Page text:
There was a shift in the way communication was perceived when researchers took notice of the receiver’s role in the communication process. Linear models fail to take into account the interaction that happens between the communicators. Instead of acting as passive listeners, receivers of the message may also convey information by responding or giving feedback either through oral language, or through actions, gestures, and facial expressions. Although the linear model represents some types of mass communication, it is too simplistic to account for the two-way process of communication.
Wilbur Schramm (1955) developed a model in which each of the communicators take on the roles of an encoder, interpreter, and decoder in the communication process. Since responding or giving feedback is also a form of transmitting information, the process is illustrated as interactive and cyclical instead of sequential.
Schramm also emphasized the importance of people’s fields of experience in the interpretation of meaning. According to him, there must be an overlap in both communicators’ fields of experience. This means that people involved in communication must share a similar experience or a common schematic background about the topic of conversation in order to connect with, and understand, each other. Cultural differences and the lack of shared experiences often result in misunderstanding. For instance, someone who has never experienced the loss of a loved one may find it difficult to relate to the experiences of a widow or a widower. A child born to a wealthy family may have trouble understanding the plight of the working class. Parents who have never experienced working as a teacher may be less empathetic towards those in the profession.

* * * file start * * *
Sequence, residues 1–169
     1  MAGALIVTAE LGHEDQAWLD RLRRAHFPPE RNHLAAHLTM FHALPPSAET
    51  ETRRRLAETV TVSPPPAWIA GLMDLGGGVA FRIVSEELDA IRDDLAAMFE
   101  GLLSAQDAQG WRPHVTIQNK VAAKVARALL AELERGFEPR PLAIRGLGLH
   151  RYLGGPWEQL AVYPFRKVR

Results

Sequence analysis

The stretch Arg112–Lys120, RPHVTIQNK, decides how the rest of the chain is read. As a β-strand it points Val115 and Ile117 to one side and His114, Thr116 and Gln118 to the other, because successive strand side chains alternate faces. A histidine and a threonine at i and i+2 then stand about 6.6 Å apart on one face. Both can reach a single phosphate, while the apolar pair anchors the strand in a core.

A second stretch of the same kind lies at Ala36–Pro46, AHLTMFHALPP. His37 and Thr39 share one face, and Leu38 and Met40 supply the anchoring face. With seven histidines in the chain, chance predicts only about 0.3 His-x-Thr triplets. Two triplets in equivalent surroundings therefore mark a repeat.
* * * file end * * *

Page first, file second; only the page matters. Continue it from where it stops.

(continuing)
Eugene White’s model recognizes feedback as a part of the communication process. He described the process as sequential and cyclical, following the eight stages of oral communication. These stages are thinking, symbolizing, expressing, transmitting, receiving, decoding, feedbacking, and monitoring. Although White’s model recognizes the interaction of the sender and the receiver of the message, it fails to consider the active role of the receiver of the message in the process.
Saussure's Speech Circuit Model of Communication
The diagram shows the sequential progression of communication, beginning in the brain of A where a signifier and signified are mutually articulated in a linguistic sign. The sign is spoken by A which is heard in the ear of B. Person B then makes an association between sound-image and concept in his brain and composes a message in return, by the same means.
According to Saussure, when persons think of a concept (c), it triggers his sound pattern (c, i) which led him to utter the concept (phonation or vocalization). The acoustic sound is then transmitted to another interlocutor who hears it (audition or hearing) which in turn triggers the sound pattern that makes him think of the concept.